Education and a strong Board is the key to Chinese companies’ success on the London stock market, according to survey
Corporate Governance issues rank higher than company performance in criteria for investing in Chinese companies listed in London, according to a recent survey of leading City advisers and investors conducted by Financial PR firm Abchurch. Non Executive Director (“NED”) involvement and experience, a consistent track record on corporate governance, and communication with investors were the top three recommended actions that businesses from China considering a London IPO should take. Major calls were also made for greater education of IPO candidate companies from China together with a wish for the highest standards to be maintained by advisers in London.
Abchurch surveyed advisers, fund managers and NEDs, all with China experience, asking for answers to three questions: what are the key reasons as to why the investment community is often reticent about investing in Chinese businesses, what actions could be taken by the London financial market to improve the situation, and what actions should a Chinese business considering listing in London take (along with its advisers) to make a listing more likely of success and investor interest? The questions elicited 332 views which were then analysed for key words and themes.
Greater education and guidance for Chinese businesses coming to London was the lead call as to what the City can do to improve the situation. 65% of respondents said it is the duty of the City to educate Chinese businesses more thoroughly about the City’s expectations of a UK quoted Company. 50% also called upon UK advisers to learn more about Chinese companies’ regions, cultures and relevant market within China rather than just their client’s business in isolation. Addressing these two important issues was considered a catalyst for improving the investment quality of Chinese companies coming to the UK stock market, which 38% of respondents felt needed to happen.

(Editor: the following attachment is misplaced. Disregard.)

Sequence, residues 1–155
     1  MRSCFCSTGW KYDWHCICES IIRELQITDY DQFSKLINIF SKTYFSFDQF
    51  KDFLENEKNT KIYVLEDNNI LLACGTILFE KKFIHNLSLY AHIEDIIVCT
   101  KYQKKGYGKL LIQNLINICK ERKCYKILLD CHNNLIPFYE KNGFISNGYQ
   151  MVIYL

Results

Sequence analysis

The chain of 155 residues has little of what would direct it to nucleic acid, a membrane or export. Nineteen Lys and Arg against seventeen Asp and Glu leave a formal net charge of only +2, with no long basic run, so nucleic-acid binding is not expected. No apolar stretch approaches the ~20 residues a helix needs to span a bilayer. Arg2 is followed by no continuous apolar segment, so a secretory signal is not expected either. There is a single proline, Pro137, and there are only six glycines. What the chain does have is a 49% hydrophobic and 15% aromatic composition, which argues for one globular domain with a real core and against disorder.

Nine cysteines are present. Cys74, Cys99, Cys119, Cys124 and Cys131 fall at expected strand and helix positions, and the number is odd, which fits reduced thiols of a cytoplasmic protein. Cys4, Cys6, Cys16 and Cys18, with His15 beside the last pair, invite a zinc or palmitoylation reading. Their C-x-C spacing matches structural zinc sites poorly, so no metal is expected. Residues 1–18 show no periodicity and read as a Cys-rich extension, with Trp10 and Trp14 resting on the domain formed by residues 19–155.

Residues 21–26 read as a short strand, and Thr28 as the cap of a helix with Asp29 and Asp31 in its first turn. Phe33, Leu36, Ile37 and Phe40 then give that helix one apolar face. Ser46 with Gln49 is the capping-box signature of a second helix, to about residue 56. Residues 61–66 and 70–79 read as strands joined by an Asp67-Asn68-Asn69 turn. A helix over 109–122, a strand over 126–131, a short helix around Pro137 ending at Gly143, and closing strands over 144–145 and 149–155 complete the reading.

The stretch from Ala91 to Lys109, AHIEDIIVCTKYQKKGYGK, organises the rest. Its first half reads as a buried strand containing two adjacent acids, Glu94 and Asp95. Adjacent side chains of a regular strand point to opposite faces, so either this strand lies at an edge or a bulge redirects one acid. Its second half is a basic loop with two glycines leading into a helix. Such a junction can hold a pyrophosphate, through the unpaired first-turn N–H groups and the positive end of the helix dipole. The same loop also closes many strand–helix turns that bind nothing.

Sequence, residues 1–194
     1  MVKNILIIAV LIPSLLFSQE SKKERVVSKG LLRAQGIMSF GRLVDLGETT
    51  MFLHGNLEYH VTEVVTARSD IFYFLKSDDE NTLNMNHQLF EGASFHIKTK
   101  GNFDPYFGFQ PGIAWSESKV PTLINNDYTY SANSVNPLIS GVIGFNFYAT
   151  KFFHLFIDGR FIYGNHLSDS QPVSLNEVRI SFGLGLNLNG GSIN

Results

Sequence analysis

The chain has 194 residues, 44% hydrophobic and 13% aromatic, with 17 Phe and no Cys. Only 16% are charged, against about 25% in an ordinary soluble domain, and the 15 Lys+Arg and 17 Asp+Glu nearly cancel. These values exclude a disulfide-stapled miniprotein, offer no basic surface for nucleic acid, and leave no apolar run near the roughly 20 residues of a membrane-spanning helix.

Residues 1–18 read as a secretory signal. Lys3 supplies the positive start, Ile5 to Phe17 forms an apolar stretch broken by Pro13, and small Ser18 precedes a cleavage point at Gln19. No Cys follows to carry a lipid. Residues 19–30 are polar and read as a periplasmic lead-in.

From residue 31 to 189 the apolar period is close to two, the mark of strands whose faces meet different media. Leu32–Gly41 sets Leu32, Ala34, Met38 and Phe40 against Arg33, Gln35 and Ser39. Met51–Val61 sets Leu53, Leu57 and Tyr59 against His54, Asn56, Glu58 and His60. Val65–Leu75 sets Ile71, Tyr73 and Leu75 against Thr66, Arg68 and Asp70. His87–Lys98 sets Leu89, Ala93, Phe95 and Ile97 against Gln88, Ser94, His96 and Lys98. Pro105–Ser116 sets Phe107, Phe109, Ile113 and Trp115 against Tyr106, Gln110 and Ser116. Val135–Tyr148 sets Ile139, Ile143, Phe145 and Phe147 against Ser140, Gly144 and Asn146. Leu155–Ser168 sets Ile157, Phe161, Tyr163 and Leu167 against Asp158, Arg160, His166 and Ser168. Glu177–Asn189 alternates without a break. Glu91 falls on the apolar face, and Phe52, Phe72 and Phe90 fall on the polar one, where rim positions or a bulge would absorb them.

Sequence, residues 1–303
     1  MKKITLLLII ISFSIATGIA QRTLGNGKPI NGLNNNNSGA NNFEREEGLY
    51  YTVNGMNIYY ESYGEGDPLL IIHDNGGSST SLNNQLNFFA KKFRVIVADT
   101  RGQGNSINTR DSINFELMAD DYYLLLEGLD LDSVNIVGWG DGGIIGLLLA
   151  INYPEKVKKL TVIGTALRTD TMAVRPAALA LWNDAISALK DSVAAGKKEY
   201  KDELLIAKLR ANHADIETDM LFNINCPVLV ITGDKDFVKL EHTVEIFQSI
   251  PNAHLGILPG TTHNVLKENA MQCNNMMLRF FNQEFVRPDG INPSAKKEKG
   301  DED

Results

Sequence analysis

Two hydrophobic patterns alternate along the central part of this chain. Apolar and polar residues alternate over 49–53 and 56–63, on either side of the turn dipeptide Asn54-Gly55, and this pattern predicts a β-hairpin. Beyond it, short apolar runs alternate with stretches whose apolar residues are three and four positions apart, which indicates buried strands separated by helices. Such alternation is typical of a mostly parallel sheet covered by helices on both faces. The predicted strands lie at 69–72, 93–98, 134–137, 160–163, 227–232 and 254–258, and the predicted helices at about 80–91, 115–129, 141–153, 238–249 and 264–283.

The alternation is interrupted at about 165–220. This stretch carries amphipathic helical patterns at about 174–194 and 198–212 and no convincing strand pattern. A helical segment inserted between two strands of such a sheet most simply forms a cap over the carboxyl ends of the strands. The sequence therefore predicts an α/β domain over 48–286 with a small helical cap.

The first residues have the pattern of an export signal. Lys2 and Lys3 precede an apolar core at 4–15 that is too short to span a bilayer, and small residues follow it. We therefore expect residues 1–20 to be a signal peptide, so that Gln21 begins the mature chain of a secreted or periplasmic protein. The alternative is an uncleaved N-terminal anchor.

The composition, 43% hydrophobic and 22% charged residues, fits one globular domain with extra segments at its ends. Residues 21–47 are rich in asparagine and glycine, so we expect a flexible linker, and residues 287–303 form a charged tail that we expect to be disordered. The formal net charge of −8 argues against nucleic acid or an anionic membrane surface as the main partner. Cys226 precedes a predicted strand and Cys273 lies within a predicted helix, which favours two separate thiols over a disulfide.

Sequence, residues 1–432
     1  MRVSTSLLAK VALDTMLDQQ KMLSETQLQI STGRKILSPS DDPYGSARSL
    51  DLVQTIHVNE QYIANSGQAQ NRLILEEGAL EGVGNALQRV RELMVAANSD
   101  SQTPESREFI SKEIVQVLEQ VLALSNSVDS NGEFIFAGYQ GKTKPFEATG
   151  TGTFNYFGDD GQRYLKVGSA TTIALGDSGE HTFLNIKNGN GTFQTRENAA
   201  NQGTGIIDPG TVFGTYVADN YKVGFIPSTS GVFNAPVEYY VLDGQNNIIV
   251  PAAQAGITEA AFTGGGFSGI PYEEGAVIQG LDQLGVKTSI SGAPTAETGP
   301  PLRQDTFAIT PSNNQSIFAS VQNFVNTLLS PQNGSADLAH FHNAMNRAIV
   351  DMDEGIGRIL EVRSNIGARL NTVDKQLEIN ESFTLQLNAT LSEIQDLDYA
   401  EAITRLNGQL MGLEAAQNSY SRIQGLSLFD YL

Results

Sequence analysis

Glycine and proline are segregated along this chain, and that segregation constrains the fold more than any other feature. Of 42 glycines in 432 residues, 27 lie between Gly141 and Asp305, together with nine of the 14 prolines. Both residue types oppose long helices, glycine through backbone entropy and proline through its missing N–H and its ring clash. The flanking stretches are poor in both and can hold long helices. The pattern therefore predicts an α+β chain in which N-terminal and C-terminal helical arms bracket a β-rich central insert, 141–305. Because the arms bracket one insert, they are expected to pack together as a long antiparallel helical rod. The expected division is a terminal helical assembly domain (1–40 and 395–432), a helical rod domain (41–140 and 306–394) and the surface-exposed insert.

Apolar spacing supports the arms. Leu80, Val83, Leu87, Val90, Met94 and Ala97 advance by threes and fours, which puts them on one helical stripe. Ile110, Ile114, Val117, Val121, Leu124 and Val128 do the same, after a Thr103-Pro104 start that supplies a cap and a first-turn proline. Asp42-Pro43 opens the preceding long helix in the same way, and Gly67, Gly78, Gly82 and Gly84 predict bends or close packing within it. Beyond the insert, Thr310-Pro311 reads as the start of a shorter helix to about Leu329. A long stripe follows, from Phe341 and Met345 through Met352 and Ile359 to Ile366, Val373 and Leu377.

The major piece of advice for Chinese companies considering a London listing revolved around having a strong Board of Directors through NEDs with 50% of respondents referring to this. Experienced NEDs were seen as key to improving corporate governance (38%) equalling improved investor communication. NEDs are called upon to play a wider role in guiding their executive director colleagues.
Answering the question on investment criteria, 62% of respondents cited corporate governance as the lead issue with financial performance a close second. 50% pointed towards cultural and language differences as a reason for not taking up an investment opportunity. Better, more detailed and substantiated financial information was also called for. It was made clear by respondents that the obligation to improve corporate governance and transparency does not lie exclusively with a candidate company, and begins with the advisers and a strong Board which can demonstrate an adherence to recognised standards over a period of years.
Julian Bosdet, Senior Partner at Abchurch said: “The recurring theme gathered from this survey is the importance of corporate governance and the onus is on the City to educate Chinese clients about not only the advantages of a London listing but also what is expected of a company listed in the UK. Investors are looking for success stories in order to restore confidence, and if London can bring at least one large Chinese company to the main market this may well turn the tide.”